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USF football and the undefeated degree of difficulty

Some USF fans might be talking about an undefeated season, but don’t count Bulls coach Charlie Strong among them.

CHARLIE KAIJO | Times

Some USF fans might be talking about an undefeated season, but don’t count Bulls coach Charlie Strong among them.

TAMPA — In the wake of the latest solar eclipse, USF fans eagerly await the next astronomical phenomenon.

Already, they can see the planets aligning gloriously for their 2017 team. Prolific quarterback, proven coach, comfy schedule — it's all taking shape.

Or it all could be an illusion. This type of cosmic convergence — an undefeated season — happens so rarely.

Try convincing veteran Plant High coach Robert Weiner there was no external force at work in 2006, when the Panthers finished 15-0 and won the Class 4A state crown. They even entitled their scrapbook of that surreal autumn, "Season in Sync."

"And that's because it seemed like not only was it just magical that we had kids with ability and we made a lot of plays and stuff like that, it seemed like every bounce went our way and we won every crucial moment," Weiner said. "Some of it was like, 'Wow.'"

Hence the reason Bulls fans momentarily may want to cool their jets on uttering the U-word.

USF, ranked 19th nationally, has arguably the best player in its history (Quinton Flowers) behind center. It's stocked at the skill spots. And the schedule includes only four teams that had a winning record last season, three of those at home.

But perfection remains as elusive.

"The players hear it, and you know how it is with anyone, they want to read about themselves," coach Charlie Strong said.

"And I tell 'em all the time, it's why you've got to get off social media, because that's the driving force behind it."

A pause here to quote coach Norman Dale — Gene Hackman's character in Hoosiers — before the Hickory basketball team took the court for its region final: "I'm sure going to the state finals is beyond your wildest dreams, so let's just keep it right there."

Let's examine those wildest-dreams:

Florida, which has been fielding a team since 1906, never has had a perfect season.

Florida State has had three in 70 years.

Miami? Three unbeaten seasons in 90 years.

"It is a matter of being really good, and it is a matter of being very fortunate," Weiner said. "And not to be pie-in-the-sky, but it is a matter of just the cosmic forces all aligning and the stars aligning for you."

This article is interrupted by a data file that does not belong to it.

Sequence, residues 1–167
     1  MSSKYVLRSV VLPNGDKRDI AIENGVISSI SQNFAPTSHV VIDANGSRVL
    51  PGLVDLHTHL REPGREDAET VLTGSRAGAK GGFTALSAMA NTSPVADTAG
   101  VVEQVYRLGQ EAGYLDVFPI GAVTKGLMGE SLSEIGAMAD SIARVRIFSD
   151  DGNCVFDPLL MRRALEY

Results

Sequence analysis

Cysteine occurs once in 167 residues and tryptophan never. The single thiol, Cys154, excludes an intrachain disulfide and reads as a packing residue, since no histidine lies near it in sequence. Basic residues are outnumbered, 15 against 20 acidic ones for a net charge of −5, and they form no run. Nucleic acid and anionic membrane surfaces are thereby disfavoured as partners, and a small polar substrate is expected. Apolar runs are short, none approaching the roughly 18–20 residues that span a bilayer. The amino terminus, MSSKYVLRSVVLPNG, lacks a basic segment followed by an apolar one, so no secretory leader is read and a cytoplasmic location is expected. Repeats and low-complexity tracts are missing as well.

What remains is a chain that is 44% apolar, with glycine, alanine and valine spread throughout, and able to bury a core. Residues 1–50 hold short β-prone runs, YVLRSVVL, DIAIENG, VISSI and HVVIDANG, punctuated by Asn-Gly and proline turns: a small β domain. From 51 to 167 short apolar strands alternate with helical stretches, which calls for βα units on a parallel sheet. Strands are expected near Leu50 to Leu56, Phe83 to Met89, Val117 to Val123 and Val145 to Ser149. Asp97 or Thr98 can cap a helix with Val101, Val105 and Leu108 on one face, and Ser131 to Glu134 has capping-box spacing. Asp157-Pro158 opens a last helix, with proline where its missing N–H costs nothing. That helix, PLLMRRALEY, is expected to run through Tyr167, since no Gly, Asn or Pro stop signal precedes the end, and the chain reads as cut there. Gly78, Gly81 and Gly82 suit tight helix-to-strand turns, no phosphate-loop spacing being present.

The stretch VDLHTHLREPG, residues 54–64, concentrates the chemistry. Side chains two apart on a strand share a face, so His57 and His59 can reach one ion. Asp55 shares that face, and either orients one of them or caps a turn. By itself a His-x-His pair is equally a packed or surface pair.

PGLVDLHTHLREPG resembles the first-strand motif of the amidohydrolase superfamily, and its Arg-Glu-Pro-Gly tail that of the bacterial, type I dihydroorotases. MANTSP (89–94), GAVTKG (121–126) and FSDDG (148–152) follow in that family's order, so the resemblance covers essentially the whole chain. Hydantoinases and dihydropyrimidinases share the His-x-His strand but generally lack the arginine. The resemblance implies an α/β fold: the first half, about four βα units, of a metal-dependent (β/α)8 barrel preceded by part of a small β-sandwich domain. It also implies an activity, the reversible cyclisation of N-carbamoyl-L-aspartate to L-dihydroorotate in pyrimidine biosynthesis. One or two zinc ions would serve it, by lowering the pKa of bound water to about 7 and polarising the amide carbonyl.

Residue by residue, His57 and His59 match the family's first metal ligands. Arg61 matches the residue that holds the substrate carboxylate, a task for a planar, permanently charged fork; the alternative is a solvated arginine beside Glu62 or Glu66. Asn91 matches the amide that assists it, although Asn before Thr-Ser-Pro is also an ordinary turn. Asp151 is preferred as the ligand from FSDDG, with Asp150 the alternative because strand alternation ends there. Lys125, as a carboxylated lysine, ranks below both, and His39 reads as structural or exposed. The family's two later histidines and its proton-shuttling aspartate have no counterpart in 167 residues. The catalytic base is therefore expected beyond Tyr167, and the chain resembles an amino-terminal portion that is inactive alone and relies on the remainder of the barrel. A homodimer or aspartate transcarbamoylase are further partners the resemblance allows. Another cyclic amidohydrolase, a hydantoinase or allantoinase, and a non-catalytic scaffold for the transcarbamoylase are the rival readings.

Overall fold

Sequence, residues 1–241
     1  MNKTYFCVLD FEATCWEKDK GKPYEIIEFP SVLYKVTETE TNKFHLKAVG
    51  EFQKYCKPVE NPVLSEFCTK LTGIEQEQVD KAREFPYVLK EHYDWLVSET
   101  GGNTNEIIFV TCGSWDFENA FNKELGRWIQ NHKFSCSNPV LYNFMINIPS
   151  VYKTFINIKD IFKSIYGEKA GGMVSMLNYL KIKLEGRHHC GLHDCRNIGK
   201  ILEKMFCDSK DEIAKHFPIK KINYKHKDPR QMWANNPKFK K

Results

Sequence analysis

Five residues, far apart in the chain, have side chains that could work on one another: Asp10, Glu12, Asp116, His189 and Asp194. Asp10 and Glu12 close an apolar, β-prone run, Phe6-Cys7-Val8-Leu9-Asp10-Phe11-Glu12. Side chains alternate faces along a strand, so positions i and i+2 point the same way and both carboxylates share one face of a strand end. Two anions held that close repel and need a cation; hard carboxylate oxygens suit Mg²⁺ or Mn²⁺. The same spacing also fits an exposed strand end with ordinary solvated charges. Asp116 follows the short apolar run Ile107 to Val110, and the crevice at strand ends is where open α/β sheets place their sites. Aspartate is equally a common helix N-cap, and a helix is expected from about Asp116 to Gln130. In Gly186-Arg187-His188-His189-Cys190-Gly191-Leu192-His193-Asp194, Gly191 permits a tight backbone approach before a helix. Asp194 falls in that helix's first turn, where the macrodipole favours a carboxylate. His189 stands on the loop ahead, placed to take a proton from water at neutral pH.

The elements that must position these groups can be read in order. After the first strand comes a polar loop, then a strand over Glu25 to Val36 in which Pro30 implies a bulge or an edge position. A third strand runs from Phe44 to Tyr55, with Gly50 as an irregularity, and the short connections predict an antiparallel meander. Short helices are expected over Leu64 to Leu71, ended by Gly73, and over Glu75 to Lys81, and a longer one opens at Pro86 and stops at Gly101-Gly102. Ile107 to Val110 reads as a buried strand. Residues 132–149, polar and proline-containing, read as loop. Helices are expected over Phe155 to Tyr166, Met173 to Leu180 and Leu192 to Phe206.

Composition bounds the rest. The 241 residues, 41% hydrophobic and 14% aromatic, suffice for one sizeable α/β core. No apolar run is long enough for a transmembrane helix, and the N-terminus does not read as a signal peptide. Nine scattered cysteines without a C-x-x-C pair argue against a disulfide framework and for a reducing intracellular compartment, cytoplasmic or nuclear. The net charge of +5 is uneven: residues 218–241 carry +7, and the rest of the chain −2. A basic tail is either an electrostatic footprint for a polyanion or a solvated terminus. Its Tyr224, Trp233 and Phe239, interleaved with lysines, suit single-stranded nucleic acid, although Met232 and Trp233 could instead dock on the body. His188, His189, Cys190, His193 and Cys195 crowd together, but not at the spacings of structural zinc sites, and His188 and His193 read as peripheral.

Bulls running backs coach Shaun King was the quarterback on Tulane's 12-0 team in 1998. He is more succinct.

"You've got to get lucky," he said.

"Even when you're the best team, you've got to get a couple of good calls along the way, you've got to get a couple of good breaks."

Perhaps the luckiest break of that 1998 season was to King's left wrist — and not his throwing one — in an early win against Navy. Similarly, Weiner said his entire starting offensive line remained intact for all 15 games in '06.

Former USF receiver Andre Davis, a member of Jefferson High's 15-0 state title squad in 2010, recalls a potentially game-altering St. Augustine deep pass being negated by a holding call in the Dragons' 28-27 victory in the 3A state semifinals.

Similarly, FSU might never have capped a 14-0 season in the 2013 BCS title game had Auburn's Chris Davis not been whistled for pass interference on third and 8 from the Tigers 10 in the waning moments (FSU scored the next play and won, 34-31).

Weiner insists the Plant Panthers' staggering run of success (including four state titles) can be traced to the play before quarterback Robert Marve's winning 4-yard touchdown pass to Derek Winter with 17 seconds remaining in the 2006 state final against Ponte Vedra Beach Nease.

Marve fumbled near the Nease 5-yard line on the play.

"And there were five Nease Panthers there and no Plant Panthers," Weiner recalled. "And all of a sudden you saw one white uniform dart in underneath all of those guys, and it was Mike Walsh, our (180-pound) center. … It's like, 'Okay, these things don't just happen.' "

Good fortune is only one component. Other prerequisites for perfection include your best players improving, an unheralded player stepping up in a critical moment, cohesion, a collective focus and a strong veteran presence.

"You have to have great leadership, internal leadership, because the players only listen to the coaches so much," King said. "So you have to have some bell-cow guys that are gonna keep everybody motivated, focused and all rowing in the same direction. We had that at Tulane, and I think we have that here."

The clutch gene helps.

Tulane's unblemished season is blemished if cornerback Tim Carter doesn't bat down a Louisville pass at the goal line with only seconds to play in a 28-22 Green Wave victory. FSU's Jameis Winston went 6-for-7 for 77 yards on the Seminoles' winning drive against Auburn.

Miami's perfect 2001 season is toast if Ed Reed doesn't intercept a Virginia Tech pass at his 31 to preserve a 26-24 win in the regular-season finale.

As sure as Strong dials up blitzes, the Bulls will have a similar close encounter.

"You look at some of things we did last year: scoring touchdowns late, running up the score sometimes. People don't forget that stuff," King said. "So we're gonna get their best shot. Our guys have got to approach it as we're gonna be ready. We're gonna approach every game as if it's the biggest game of the season."

Then and only then can the Bulls hope to pull off a season of which dreams are made.

Wildest dreams.

Contact Joey Knight at [email protected]tampabay.com. Follow @TBTimes_Bulls.

USF football and the undefeated degree of difficulty 08/23/17 [Last modified: Thursday, August 24, 2017 1:09am]
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